resource_error(Resource)– There are insufficient resources to complete execution. The type of resource exhausted is indicated by the implementation-defined term
syntax_error– A sequence of characters being read by
read_term/4cannot be parsed with the current operator definitions. The reason for the syntax error (in ALS Prolog) is given in the implementation-defined
system_error– Other sorts of errors. These will commonly be operating system-related errors such as being unable to complete a write operation due to the disk being full. Additional details about this type of error might be found in the implementation-defined term
In ALS Prolog,
ErrorInfo is a list providing additional information where the ISO Prolog Standard mandated term
ErrorTerm falls short. The terms which may be on this list take the following forms:
M:G– The predicate in which the error occurred was in module
G. Due to the compiled nature of ALS Prolog, it is not always possible to obtain all of the arguments to the goal
G. Those which could not be obtained are indicated as such by the atom ‘ ? ‘ . For this reason, the form
M:Gshould be used for informational purposes only.
errno(ErrNo)– This form is used to further elaborate on the reason that a system_error occurred. The
errno/1form indicates that a system call failed. The value of
ErrNois an integer which indicates the nature of the system error. The values that
ErrNotake on may vary from system to system. ALS is looking at a symbolic way of providing this information.
syntax(Context, ErrorMessage, LineNumber, Stream)– This form is used to provide additional information about system errors.
Contextis an atom providing some information about the context in which the error occurred.
ErrorMessageis an atom providing the text of the message for the error.
LineNumberis the number of the line near which the syntax error occurred.
Streamis the stream which was being read when the syntax error occurred.
Attempt to open a non-existent file.
?- open(wombat,read,S). Error: Operation attempted on object of type source_sink which does not exist. Operation attempted on: wombat. - Goal: sio:open(wombat,read,_A,?) - Throw pattern: error(existence_error(source_sink,wombat), [sio:open(wombat,read,_A,?)])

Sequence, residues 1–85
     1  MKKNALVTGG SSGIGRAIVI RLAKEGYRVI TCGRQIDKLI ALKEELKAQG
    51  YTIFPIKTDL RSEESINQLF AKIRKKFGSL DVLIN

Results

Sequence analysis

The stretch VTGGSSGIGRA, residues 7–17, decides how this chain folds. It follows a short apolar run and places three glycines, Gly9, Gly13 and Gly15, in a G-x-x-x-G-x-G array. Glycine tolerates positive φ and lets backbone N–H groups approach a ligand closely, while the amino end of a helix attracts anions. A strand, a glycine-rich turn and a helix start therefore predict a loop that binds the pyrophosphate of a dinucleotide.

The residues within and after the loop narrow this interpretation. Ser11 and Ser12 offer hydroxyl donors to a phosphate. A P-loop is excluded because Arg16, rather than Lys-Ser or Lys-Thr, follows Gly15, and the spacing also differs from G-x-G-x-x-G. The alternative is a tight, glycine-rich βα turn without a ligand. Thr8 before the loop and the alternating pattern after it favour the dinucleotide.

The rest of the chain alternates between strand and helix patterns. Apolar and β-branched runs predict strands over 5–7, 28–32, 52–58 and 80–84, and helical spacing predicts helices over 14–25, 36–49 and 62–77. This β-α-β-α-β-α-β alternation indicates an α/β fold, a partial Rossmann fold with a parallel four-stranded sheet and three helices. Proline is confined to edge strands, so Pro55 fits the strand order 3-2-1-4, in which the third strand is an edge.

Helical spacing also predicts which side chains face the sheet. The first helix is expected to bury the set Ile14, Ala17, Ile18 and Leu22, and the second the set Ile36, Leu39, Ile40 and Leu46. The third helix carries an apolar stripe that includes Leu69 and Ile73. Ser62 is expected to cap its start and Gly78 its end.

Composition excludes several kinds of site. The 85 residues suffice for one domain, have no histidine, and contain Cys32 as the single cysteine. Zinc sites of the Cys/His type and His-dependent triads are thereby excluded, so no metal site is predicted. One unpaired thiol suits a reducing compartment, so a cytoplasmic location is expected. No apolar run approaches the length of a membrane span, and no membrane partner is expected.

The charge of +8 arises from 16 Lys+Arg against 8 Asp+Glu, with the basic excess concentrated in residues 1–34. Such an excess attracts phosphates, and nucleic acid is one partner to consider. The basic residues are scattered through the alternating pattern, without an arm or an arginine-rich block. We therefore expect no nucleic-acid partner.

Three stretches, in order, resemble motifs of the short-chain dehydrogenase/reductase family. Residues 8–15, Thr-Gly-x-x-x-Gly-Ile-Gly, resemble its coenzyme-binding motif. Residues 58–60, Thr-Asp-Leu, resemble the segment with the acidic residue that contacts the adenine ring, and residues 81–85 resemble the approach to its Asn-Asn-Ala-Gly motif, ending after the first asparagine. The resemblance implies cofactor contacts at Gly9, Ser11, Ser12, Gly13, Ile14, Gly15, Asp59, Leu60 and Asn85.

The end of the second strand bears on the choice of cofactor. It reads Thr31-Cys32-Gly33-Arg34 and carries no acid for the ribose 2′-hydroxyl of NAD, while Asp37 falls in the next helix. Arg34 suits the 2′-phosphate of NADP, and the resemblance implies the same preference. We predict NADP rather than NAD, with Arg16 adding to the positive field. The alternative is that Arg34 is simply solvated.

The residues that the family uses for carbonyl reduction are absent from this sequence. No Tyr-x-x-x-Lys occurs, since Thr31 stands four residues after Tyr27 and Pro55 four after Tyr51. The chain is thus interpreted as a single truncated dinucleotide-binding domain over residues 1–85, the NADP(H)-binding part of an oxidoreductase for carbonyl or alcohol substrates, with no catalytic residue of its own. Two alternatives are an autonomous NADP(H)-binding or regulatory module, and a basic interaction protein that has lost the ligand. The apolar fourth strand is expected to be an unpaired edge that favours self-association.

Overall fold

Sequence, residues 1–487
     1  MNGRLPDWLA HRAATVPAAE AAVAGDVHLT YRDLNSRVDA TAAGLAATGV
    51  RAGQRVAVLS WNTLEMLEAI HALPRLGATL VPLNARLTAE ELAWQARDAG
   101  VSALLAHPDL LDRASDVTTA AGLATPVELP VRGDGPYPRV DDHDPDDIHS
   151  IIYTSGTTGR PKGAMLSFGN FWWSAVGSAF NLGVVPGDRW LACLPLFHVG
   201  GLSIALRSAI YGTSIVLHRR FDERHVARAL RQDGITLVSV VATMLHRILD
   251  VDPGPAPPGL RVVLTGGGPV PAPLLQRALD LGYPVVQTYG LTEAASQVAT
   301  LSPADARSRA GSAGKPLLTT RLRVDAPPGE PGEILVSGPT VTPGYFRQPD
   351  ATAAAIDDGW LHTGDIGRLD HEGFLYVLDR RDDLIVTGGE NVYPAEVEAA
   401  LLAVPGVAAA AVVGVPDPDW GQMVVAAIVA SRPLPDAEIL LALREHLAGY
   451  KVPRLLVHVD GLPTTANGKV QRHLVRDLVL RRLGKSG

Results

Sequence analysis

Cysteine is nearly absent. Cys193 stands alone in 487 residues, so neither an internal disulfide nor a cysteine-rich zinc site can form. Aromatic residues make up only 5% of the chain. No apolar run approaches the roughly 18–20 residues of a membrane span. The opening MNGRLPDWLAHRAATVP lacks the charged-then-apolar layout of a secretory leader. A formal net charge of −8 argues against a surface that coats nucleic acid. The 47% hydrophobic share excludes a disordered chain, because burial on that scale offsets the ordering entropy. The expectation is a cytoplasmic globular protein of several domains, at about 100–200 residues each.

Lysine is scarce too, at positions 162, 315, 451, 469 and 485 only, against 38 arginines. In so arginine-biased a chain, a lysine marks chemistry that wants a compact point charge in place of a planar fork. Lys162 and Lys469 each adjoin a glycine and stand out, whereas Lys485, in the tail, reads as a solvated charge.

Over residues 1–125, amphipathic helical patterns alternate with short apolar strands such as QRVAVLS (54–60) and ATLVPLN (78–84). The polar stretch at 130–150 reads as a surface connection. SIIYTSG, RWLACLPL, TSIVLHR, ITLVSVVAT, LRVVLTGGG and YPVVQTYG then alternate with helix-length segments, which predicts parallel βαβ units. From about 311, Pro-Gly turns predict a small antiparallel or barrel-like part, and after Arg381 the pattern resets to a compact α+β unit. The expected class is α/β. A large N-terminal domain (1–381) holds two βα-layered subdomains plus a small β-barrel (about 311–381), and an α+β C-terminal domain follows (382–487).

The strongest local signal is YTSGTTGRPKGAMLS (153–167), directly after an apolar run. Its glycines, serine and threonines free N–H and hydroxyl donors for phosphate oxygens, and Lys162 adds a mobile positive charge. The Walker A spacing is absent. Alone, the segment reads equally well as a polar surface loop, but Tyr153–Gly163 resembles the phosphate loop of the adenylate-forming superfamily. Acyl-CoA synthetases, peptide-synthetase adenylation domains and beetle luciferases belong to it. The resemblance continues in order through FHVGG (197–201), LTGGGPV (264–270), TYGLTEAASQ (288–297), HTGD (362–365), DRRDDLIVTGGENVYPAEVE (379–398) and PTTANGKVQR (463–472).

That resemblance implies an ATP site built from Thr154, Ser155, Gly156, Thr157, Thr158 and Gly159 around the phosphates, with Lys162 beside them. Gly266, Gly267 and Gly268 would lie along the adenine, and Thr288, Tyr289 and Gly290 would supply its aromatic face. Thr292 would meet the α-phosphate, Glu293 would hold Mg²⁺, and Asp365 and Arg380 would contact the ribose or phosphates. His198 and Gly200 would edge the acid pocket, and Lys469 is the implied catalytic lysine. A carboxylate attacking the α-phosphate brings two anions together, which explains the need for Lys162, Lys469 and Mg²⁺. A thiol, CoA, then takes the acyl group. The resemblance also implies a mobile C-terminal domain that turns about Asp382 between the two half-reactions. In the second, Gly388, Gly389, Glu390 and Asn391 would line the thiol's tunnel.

Attempt to open a file when the file argument is an uninstantiated variable:
?- open(_, read, S). Error: Instantiation error. - Goal: sio:open(_A,read,_B,[type(text)]) - Throw pattern: error(instantiation_error,[sio:open(_A,read,_B,*)])
Define a procedure
integer_list/2 to illustrate a use of
throw/1. Note that
il/2 builds the list and throws the result back at the appropriate time.
?- reconsult(user). integer_list(N,List) :- catch(il(N,),int_list(List),true), !. il(0,L) :- throw(int_list(L)). il(N,L) :- NN is N-1, il(NN,[N|L]). ^D
?- integer_list(8,L). L=[1,2,3,4,5,6,7,8] yes.
Goal is a variable
Goal is not a callable term
type_error(callable, Goal). [not yet implemented ]
Reason does not unify with
Pattern in any call of
system_error. [not yet implemented ]
In the present implementation of ALS Prolog,
catch/3 leaves a choicepoint which is used to restore the scope of the catch when backtracked into. This choicepoint remains around even for determinate goals which are called from catch. Thus when catch succeeds, you should assume that a choicepoint has been created. If the program should be determinate, a cut should be placed immediately after the catch. It is expected that at some point in the future, this unfortunate aspect of ALS Prolog will be fixed, thus obviating the need for an explicit cut.
throw/1 is called with Reason instantiated to a pattern which does not match Pattern in any call of
catch/3, control will return to the program which started the Prolog environment. This usually means that Prolog silently exits to an operating system shell. When using the development environment, however, the Prolog shell establishes a handler for catching uncaught throws or errors thus avoiding this unceremonious exit from the Prolog system. It is occasionally possible, particularly with resource errors, to end up in this last chance handler only to have another error occur in attempting to handle the error. Since no handler exists to handle this error, control returns to the operating system often with no indication of what went wrong.